Refuge responds to Law Commission’s recommendations to reform intimate image abuse offences
In response to the Law Commission’s recommendations to reform intimate image abuse offences, Refuge’s CEO, Ruth Davison said:
“Refuge supports the Law Commission’s recommendation for a new legal framework for governing intimate image abuse (or so-called “revenge porn”) and recognises that current legislation is disjointed and falls short. Intimate image abuse is a form of domestic abuse and is another example of the way tech can be used to harass and intimidate survivors.
Refuge welcomes recommendations to make intimate image abuse legislation more consistent to plug gaps in existing legislation and ensure laws are up to date with the way new technologies are being mis-used. Photoshopped pornographic images known as ‘deepfakes’ cause significant harm and must be criminalised.
Refuge recognises the significant harms caused by threatening to share or non-consensually sharing intimate images and echoes the recommendation that all victims will be automatically eligible for lifetime anonymity and special measures in court. Refuge successfully campaigned to make threatening to share intimate images a crime as part of the Domestic Abuse Act, and we now need to see police training on intimate image abuse to ensure these crimes are investigated and prosecuted.
Offences should apply regardless of the perpetrators’ motivation which we know can be difficult to ascertain and prevent survivors from accessing justice.
The recommendations to reform intimate image abuse legislation must also recognise that an ‘intimate image’ can vary in context depending on the victim and doesn’t always specifically mean nudity. Refuge would like to see the recommendations go further to protect Black and minoritised women and reflect that religious groups and communities may have different definitions for what constitutes as an intimate image and this must be included within the base offence.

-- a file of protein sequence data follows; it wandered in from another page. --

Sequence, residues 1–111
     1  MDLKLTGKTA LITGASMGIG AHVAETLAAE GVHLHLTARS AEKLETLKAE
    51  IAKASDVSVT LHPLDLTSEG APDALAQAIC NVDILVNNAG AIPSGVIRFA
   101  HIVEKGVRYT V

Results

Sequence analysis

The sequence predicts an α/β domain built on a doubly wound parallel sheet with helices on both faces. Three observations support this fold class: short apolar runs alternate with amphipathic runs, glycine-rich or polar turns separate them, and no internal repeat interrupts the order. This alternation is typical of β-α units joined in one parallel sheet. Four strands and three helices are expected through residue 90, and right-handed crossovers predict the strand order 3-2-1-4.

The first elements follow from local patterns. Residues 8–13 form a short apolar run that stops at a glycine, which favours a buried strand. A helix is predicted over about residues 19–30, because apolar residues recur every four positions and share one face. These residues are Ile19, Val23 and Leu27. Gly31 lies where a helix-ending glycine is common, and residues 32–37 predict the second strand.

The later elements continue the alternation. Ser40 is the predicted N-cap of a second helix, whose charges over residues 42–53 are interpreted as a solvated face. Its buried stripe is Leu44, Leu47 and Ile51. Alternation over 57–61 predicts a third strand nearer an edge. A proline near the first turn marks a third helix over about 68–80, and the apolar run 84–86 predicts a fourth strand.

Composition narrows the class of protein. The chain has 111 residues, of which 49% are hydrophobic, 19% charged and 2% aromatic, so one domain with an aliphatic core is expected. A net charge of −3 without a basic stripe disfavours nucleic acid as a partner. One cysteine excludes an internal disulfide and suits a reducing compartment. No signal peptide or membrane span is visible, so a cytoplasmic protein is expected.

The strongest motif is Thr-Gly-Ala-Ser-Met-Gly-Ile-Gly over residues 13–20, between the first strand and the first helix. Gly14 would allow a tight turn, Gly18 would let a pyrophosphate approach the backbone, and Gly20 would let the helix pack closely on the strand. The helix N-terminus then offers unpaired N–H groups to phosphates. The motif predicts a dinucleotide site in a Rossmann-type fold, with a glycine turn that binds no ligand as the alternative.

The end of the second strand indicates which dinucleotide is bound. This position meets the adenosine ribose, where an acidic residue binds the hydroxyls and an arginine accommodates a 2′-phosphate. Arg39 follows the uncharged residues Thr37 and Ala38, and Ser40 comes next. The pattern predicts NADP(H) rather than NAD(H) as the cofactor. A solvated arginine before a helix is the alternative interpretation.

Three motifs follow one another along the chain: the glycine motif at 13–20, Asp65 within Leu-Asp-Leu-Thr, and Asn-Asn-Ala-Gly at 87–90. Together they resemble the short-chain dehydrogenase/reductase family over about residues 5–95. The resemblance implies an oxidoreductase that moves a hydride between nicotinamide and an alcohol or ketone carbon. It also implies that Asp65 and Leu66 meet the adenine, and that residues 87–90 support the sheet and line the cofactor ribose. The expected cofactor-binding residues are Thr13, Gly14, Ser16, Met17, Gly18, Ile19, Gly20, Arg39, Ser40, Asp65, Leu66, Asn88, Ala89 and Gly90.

Intimate image abuse is largely being carried out on online spaces across social media platforms and the government has an opportunity with the Online Safety Bill to strengthen protections online for women and girls. Refuge are calling on the government to include a VAWG Code Of Practice in the Bill to help hold tech companies to account on online violence against women and girls and make tackling violence against women and girls a priority.”
Refuge supports thousands of women and children on any given day, and runs the National Domestic Abuse Helpline, which is the gateway to accessing specialist support across the country. More than one in four women in England and Wales experiences domestic abuse at some point in their lifetime, and two women a week are killed by a current or former partner.
Please signpost to Refuge’s National Domestic Abuse Helpline 0808 2000 247, available 24 hours a day 7 days a week for free, confidential specialist support. Or visit www.nationaldahelpline.org.uk to fill in a webform and request a safe time to be contacted or to access live chat (live chat available 3pm-10pm, Monday to Friday). For support with tech abuse visit refugetechsafety.org.